There were quite a few for The Very Busy Spider. One that I think was rather well-done, is read by an English gal. The moving graphics of the spider and buzzing fly are sweet. Click on the link to check it out.
As another fun way to review the story, have your kiddo's watch it and do the mini sequencing activity at the same time. Afterwards, as a transition activity, students can choose a partner and play the Spin To Win Busy Spider game. This is also included in the packet.
As part of our review, I'd use pocket cards that said: characters, setting, and events on them.
After reading the story, we'd discuss each one as it pertained to the book. I've included a set for The Very Busy Spider.
Understanding the concept of beginning-middle-and end of stories enables a child to better retell it. Knowing this organization, will also improve writing.
Because of this, I always followed up story telling, by asking children what happened in the beginning, the middle and at the end of the story. After you review this orally, have your students write their thoughts on The Very Busy Spider (beginning-middle-end) graphic organizer. All of these items are in The Very Busy Spider Story Packet. Click on the link to view/download it.
To nail even more Common Core State Standards-- print, laminate and trim The Very Busy Spider Grammar Cards. Put them in a pocket chart or on your whiteboard and read the sentences together as a whole group.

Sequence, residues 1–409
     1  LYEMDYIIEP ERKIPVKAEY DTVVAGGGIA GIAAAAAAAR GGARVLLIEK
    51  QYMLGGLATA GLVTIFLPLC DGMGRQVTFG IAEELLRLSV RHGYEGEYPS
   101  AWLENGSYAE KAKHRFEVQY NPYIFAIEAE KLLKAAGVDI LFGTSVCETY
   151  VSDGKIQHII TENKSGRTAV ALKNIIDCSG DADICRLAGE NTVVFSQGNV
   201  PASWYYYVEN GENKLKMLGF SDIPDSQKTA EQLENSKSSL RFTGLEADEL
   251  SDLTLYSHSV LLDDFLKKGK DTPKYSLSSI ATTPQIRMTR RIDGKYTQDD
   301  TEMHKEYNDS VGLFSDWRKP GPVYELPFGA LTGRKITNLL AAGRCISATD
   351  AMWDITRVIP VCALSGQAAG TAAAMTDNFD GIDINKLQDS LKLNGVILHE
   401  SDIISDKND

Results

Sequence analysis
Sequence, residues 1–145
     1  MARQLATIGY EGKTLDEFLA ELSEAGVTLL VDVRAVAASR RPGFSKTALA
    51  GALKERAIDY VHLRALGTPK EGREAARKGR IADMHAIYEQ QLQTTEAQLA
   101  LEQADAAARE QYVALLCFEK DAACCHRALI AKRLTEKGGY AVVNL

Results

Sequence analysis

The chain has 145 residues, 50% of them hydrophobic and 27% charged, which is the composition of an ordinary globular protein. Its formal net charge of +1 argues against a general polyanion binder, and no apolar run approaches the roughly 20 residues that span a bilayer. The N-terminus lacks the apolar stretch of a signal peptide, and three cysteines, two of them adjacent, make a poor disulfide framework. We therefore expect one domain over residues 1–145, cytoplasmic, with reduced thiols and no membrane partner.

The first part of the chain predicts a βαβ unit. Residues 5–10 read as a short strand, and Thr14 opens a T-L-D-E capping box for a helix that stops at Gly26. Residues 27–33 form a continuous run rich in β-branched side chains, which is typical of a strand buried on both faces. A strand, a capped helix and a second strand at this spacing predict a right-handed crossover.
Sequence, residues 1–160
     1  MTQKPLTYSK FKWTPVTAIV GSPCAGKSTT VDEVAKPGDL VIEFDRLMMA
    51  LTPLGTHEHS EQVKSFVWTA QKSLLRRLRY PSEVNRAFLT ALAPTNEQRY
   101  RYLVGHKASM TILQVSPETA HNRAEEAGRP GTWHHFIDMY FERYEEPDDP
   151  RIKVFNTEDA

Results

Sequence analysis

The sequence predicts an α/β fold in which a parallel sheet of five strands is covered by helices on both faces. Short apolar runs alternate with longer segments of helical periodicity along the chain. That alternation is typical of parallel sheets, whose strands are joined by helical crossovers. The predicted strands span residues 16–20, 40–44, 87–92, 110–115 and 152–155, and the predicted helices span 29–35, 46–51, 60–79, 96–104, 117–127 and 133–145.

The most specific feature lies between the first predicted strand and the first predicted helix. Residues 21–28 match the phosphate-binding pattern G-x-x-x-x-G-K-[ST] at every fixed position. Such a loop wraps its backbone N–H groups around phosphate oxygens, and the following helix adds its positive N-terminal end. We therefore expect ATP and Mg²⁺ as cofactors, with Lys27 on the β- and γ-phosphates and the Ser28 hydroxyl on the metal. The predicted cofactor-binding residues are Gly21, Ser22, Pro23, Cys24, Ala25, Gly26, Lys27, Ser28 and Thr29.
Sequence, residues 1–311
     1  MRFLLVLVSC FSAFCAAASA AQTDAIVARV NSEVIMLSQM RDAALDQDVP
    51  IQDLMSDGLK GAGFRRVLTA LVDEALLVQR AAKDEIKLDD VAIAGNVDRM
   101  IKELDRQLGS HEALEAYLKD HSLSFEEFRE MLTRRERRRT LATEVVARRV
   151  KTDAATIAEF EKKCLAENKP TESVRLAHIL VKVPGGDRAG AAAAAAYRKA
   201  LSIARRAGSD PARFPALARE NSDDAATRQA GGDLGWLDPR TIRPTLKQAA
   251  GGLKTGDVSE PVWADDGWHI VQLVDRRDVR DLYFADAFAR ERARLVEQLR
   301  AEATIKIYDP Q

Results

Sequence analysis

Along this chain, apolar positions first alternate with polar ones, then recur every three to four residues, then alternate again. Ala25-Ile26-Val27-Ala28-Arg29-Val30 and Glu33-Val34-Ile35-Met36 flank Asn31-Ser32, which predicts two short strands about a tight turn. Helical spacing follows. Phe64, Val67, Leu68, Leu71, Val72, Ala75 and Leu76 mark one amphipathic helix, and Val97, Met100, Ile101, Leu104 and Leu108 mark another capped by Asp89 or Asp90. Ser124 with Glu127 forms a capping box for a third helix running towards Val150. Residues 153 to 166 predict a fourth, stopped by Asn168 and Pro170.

For added fun make a spider pointer or web wand, with the spider & web patterns; glue them to a Popsicle stick and have children use them to point to the words as you read the pocket cards.
Using a red dry erase marker, have a child come up and circle any letters that should be capitalized. Another student can add the end punctuation.
Review parts of speech by having children circle nouns, underline verbs and put a square around adjectives.
You can also practice vowel identification. Have a student come up and circle the vowels with a green marker. I have set up the content of the cards, so they also provide a nice discussion and review of the story.
Click on the link to view/download The Very Busy Spider Grammar Cards.
To put their grammar skills into practice, have students write a page for your class book: The Very Busy Students and Their Spiders. Click on the link to view/print a copy.
Finally, it's always fun to throw in an art activity if you have time. I set the "glittering web" craftivity up as a center, where 3 children come up and do the project with me. While they are working, I have each one tell me a spider fact that they learned, or ask them what their favorite part of the story was.
This photo does not do the artwork justice, as it's truly lovely; it doesn't capture the sparkling and glittery effects.
Since you might not be able to find a colorful little stationery web that my kiddo's attached to their webs, you can either skip this step, or print off the Very Busy Spider one that I made. I've included my little poem on it.
To make a busy spider glitter web, pre-cut black circles to fit inside a metal cake pan. Each child holds one. I squirt a dollop of white paint that has been mixed with Elmer's glue, in the middle of the circle; children place a large marble on top of the "paint-puddle."
The object of this project is to make an orb spider web by having the marble roll back and forth + up and down through the paint. As it does so, it "spins" a web. When students are pleased with their web, and while the paint is still wet, children sprinkle opalescent or silver glitter on their creation.